Put simply, electric vehicles replace regular petrol/diesel engines with batteries that store electricity capable of powering an electric motor and making the vehicle mobile. There is no pollution through the burning of fossil fuels, and recharging of the battery can be achieved via a simple wall charger.
As more and more manufacturers enter the marketplace, the level of competition goes up, meaning that purchase prices are dropping. Plus, with government grants available to support your purchase, and the positive impact on the environment, it would be difficult to argue against the merits of electric vehicles.
There are plenty of advantages to choosing a hybrid, most significantly the reduced CO2 emissions produced. The Hyundai Ioniq plug-in hybrid, for example, emits just 26g/km of CO2, meaning you have no road tax to pay. In terms of disadvantages, the still relatively new technology can often mean purchase prices are more expensive than petrol or diesel models.
Insurance premiums are often calculated based on various criteria, with one of the most significant being the value of the vehicle. With many hybrids being priced higher than regular models, you may well find your premium increasing. Shop around to ensure you’re able to find the best deal.
Yes. Although the purchase price may be steeper to start with, you will have lower road tax to pay thanks to lower emissions, and be able to take advantage of better fuel economy.
The first commercially available electric car to hit the market was the Toyota Prius. Unveiled in 1997, this model was mass-produced in Japan. Earlier models - including the Davenports’ electric models - were constructed around the globe, ranging from the US to Aberdeen.
With cutting CO2 emissions a key concern for governments the world over, it’s almost certain that electric models will very much be a part of the future of motoring.
The concept of an electric powered vehicle has been around for two centuries, with many inventors - such as Hungarian Anyos Jedlik and Thomas and Emily Davenport - creating models that ran on electricity back in the early 1800s. In fact, it was the Davenports, alongside colleague Orange Smalley, that were awarded the US patent for an electric motor. However, many people regard Robert Davidson as the true pioneer, with the development of the first large scale electric car built between 1837-1841.
This depends on a number of factors. For example, age, usage, and mileage all affect the lifespan of a hybrid’s battery, but many experts expect that average battery to last for up to a decade.
Depending on where you charge your vehicle, the price will vary. Rapid charging stations often require a small payment for use, while points at supermarkets and car parks are often free of charge.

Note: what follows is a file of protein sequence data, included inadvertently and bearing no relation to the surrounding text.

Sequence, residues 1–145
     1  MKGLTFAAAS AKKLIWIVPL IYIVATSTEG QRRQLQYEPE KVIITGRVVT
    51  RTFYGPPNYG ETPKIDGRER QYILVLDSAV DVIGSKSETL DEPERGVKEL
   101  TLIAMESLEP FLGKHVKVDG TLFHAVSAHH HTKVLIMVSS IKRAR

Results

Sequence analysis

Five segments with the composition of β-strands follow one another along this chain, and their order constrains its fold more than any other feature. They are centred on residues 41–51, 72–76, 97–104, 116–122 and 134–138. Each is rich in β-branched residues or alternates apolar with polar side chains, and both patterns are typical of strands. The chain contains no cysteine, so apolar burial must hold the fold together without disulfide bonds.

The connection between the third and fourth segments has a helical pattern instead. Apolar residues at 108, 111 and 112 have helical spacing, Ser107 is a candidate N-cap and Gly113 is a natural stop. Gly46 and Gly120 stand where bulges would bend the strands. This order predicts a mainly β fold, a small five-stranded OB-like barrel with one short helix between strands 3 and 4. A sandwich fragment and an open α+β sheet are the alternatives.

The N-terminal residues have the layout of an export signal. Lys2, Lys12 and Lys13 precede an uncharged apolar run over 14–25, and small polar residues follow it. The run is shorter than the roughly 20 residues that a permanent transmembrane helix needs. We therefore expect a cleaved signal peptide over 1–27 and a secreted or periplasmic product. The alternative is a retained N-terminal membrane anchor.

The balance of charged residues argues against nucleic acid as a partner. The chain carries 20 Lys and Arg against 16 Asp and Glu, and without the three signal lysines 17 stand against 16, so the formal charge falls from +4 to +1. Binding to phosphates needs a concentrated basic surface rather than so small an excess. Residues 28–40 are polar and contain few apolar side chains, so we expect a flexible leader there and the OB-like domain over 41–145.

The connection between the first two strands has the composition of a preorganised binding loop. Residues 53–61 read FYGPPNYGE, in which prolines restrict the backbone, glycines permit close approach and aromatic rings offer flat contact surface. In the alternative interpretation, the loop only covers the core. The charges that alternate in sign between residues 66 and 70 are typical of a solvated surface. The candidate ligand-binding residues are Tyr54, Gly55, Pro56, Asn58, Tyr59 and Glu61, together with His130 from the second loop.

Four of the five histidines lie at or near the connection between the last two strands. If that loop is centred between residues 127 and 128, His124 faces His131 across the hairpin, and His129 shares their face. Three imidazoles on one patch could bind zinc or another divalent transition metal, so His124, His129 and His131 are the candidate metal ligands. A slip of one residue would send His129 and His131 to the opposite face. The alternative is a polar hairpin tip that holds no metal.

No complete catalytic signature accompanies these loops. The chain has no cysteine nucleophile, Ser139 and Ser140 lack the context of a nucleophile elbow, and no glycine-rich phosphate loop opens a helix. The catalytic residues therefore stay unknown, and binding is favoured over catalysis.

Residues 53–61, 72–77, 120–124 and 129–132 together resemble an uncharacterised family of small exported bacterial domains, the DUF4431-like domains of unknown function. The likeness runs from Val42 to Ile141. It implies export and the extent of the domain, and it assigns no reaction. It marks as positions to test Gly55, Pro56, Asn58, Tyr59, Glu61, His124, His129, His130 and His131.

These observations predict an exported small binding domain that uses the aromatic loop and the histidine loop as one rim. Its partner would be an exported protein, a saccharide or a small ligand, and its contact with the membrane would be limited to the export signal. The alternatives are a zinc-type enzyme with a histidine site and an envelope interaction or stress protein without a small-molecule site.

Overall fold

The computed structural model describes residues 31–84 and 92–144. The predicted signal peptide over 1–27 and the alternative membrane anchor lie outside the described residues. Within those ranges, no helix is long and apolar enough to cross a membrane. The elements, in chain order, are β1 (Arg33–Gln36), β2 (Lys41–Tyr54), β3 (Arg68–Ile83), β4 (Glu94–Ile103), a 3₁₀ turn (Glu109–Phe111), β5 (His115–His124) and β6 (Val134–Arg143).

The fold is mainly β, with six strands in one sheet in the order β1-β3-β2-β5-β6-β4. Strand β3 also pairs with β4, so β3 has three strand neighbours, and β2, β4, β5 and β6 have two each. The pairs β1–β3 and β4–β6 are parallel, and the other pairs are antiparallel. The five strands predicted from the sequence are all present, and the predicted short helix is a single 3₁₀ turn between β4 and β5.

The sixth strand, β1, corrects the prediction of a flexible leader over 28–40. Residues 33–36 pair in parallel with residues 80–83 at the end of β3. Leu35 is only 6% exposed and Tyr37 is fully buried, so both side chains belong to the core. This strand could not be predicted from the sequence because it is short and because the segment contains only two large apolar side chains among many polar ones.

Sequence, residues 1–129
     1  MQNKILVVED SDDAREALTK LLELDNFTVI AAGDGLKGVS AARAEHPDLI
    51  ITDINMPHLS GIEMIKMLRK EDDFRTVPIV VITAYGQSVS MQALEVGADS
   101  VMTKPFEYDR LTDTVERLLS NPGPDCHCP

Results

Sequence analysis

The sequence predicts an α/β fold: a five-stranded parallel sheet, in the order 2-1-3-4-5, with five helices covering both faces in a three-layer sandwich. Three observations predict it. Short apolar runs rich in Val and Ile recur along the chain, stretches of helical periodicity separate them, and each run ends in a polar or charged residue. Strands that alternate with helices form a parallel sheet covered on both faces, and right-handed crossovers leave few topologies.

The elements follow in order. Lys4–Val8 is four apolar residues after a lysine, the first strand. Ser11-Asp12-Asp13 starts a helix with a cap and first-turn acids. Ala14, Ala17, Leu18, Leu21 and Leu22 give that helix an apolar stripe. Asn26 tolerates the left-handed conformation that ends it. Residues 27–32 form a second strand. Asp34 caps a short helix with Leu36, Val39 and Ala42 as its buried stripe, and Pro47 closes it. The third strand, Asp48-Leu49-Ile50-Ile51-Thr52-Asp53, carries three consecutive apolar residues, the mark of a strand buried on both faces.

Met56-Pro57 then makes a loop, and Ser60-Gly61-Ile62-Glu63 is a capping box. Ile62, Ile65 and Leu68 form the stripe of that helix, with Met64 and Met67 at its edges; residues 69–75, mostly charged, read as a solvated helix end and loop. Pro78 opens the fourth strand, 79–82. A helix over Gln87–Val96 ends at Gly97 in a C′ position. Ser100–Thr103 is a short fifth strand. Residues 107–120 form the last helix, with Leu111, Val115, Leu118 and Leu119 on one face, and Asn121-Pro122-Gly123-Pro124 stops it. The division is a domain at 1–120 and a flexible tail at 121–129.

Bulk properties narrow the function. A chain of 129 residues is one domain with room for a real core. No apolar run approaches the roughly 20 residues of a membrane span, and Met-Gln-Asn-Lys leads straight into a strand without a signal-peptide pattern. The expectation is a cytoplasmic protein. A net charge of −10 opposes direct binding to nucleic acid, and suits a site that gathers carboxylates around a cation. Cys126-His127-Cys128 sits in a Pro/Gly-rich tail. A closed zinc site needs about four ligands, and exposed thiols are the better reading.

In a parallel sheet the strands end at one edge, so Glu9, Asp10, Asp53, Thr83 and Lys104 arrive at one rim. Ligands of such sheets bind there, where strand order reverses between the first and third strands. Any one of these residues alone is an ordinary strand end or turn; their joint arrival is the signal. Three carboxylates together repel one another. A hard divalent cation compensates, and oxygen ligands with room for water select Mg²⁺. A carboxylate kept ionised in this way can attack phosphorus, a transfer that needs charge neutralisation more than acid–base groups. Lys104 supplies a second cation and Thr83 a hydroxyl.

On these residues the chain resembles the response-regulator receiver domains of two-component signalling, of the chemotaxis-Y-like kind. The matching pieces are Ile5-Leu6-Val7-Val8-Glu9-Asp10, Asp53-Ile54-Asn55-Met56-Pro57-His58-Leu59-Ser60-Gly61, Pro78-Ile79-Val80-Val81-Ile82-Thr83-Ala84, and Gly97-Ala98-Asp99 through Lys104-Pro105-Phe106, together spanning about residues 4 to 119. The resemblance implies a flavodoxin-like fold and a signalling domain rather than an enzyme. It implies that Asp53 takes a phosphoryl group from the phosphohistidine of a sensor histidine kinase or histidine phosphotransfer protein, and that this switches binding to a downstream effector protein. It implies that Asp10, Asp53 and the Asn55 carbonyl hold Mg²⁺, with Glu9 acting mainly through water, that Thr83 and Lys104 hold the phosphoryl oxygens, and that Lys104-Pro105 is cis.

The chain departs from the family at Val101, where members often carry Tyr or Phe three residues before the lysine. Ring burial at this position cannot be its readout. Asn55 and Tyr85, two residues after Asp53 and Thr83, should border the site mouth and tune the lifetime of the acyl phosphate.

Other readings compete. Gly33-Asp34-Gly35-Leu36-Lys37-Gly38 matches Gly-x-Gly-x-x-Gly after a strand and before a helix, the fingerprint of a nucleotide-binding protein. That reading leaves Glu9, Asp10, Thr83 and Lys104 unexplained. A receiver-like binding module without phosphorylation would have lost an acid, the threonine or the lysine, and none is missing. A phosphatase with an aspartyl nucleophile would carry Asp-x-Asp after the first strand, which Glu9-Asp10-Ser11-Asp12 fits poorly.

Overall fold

Charging your electric car is simple. Using home charging devices and public charge points dotted throughout the country means you will always be able to replenish the charge in your vehicle’s battery.
Electric car batteries - lithium-ion batteries similar to those found in smaller devices such as laptops and mobile phones - are recyclable, and will continue to hold a charge that can be used to support the electricity grid and other, less reliable sources of energy.
Only if you’re involved in an accident! Other than that, it is the regular CO2 emissions that are harmful when inhaled.
At present, the Tesla Model S offers the best range among electric vehicles, capable of covering up to 393 miles.
The latest iteration of the acclaimed Nissan LEAF currently delivers a range of 168 miles.
The Hyundai hybrid range incorporates a selection of vehicles, with the Ioniq arguably the pick of the bunch, and available in regular and plug-in hybrid iterations.
The starting price of a new Hyundai Ioniq is £22,795 for the standard hybrid and £29,950 for the plug-in. However, ensure you check with your local Wessex Hyundai dealership to learn more about any special offers and deposit contributions that may be available. You’ll also be able to pick up pre-owned Ioniqs at a more than competitive price.
Budget, style tastes, and driving requirements will dictate your choice of electric car. If you need to only cover a few miles, a cheaper option to take you around town is ideal, while longer journeys with a family mean you need an electric vehicle with far greater interior space and range. Speak to our experts today to learn more.
Thanks to the 7kW home charger, you can fully replenish the battery of your Nissan LEAF in 7.5 hours at home.
The Kia Niro Hybrid comes in two iterations - plug-in and self-charging. Utilising regenerative braking technology, the Kia Niro Self-Charging Hybrid converts energy lost through braking into a charge to replenish the battery.
Depending on the model you choose, the Kia Niro Hybrid is either charged via an electric outlet or utilises regenerative braking to charge the battery. Both work alongside a traditional combustion engine to offer lower CO2 emissions when driving.